Instead of gas line,
approve wind farm
Regarding the debate over a proposed natural-gas pipeline through the pinelands:
The concept of using cleaner energy while creating more jobs is compelling. There is no doubt we need both, and the upcoming retirement of the Oyster Creek Nuclear Generating Station in Ocean County makes this even more important.
But putting a gas pipeline through the pinelands is dangerous and unnecessary. The Pinelands Commission rightly blocked the project.
A better plan would be to harness the power of offshore wind. A pilot project to erect turbines three miles off the Atlantic City coast was recently rejected by the Board of Public Utilities, despite an agreement between the company and the New Jersey Division of the Rate Counsel.
Offshore wind would make New Jersey a hub for a new industry, including a port in Paulsboro where windmill components would be assembled. This would bring many jobs to our state, in addition to providing clean energy.
The upside of cleaner energy sources and new jobs far outweighs the negative. Our elected officials should be supporting such projects.
'Noah' reminds us
to eat vegetables
Some have attacked the movie "Noah" as being "pro-animal" and unfaithful to the Bible. But the film is both pro-animal and faithful to the Bible, at least to the Book of Genesis, our source for the story of Noah.
Genesis 1:29 admonishes, "Behold, I have given you every herb yielding seed which is upon the face of all the earth, and every tree that has seed-yielding fruit - to you it shall be for food." It is only after the flood, with fruits and vegetables no longer abundant, that humans get permission to eat animal flesh. Even then, the Bible stipulates that lives of only select animals may be taken and always with reverence and minimal cruelty. This is certainly a far cry from today's factory farms.
Regardless of how we may feel about this film's interpretation of the Bible, each of us can recreate the recommended diet of the Garden of Eden in our home by dropping animal products from our menuS.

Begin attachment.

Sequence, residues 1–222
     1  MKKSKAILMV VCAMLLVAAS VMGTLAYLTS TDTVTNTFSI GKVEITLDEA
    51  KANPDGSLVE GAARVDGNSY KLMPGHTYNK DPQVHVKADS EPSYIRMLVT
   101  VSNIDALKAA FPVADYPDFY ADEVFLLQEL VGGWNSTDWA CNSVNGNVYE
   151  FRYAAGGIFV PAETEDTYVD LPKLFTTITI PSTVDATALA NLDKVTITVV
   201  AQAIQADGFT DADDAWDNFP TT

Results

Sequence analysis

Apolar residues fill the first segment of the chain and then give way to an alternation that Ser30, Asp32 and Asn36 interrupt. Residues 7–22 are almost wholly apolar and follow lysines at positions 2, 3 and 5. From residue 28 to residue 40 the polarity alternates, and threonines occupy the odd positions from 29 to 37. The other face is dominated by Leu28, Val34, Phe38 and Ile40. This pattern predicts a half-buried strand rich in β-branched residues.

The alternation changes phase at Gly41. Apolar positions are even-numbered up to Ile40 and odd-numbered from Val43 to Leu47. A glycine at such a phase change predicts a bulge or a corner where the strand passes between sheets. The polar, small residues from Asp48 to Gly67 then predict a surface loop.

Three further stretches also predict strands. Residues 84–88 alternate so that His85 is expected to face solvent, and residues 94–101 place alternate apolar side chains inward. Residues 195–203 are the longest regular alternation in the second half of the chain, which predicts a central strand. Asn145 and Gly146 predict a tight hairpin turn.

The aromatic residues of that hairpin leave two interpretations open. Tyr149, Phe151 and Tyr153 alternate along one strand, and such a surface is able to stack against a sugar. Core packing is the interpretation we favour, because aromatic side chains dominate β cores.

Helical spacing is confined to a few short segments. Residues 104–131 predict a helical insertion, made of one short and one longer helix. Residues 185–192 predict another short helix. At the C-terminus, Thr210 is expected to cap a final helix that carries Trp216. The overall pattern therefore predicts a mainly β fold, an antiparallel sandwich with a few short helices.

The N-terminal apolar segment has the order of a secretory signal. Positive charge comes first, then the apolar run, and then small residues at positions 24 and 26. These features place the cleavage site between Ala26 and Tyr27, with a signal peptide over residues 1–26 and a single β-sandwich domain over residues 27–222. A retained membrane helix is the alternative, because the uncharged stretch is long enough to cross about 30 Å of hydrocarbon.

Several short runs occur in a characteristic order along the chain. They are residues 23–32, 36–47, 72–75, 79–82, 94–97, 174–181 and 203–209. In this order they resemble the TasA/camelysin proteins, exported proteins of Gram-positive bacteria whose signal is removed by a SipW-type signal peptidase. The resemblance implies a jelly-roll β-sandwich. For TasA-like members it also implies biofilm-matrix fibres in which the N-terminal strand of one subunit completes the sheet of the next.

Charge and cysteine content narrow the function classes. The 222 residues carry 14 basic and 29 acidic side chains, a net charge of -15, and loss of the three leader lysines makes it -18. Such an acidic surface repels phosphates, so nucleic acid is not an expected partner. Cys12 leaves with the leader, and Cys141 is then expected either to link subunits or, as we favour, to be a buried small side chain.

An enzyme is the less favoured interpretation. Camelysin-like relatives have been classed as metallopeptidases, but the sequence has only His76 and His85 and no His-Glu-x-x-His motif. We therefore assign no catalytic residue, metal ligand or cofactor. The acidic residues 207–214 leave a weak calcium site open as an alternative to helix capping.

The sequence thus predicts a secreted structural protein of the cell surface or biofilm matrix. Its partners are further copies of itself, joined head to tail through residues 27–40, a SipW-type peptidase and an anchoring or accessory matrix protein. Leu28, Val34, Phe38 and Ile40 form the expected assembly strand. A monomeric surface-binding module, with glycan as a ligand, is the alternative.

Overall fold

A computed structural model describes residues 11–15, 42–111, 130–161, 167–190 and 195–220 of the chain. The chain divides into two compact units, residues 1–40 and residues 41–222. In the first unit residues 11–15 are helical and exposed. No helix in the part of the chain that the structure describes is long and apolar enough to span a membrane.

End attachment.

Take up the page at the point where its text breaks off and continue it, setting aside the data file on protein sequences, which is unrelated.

Christie's language both
Gov. Chris Christie is back speaking on television and at press conferences. The most striking aspect of his re-emergence is the disparity between his vulgar and bombastic approach to members of the press corps and the smarmy sycophantic performance he gave in front of wealthy Republicans in Las Vegas.
Christie's nastiness toward the press showed a man unnerved. His buttering up of power brokers stood in contrast to the 1950s version of misogyny in a report written by Christie's lawyers about the Bridgegate scandal, which belittled Bridget Anne Kelly and used lascivious language in reference to her.
I am confident that the men of the Republican Jewish Coalition would never tolerate anyone speaking to or about their wives or daughters in such a cheap fashion.
It would be mortifying to be represented by Christie on the world stage.
NANCY M. JAMES
Millville can't afford
15th Street project
Regarding the March 28 story, "Millville split but OKs $2.5M for 15th St.":
The Millville City Commission voted 3-2 to award the bid for the 15th Street Public Works project. I and Commissioner Joseph Sooy voted against this project.
I appreciate that there is a need to provide safe facilities for our employees, but we must be fiscally responsible while doing so. After meeting with employees and engineers, I am convinced this project in its present form is not fiscally responsible and its scope is too large.
The past administration had already spent more than $3 million on this project. This new contract brings the price to $6.6 million.
We must look at how projects affect the city's tax rate and our citizens, who are already facing tax increases from the county and school board.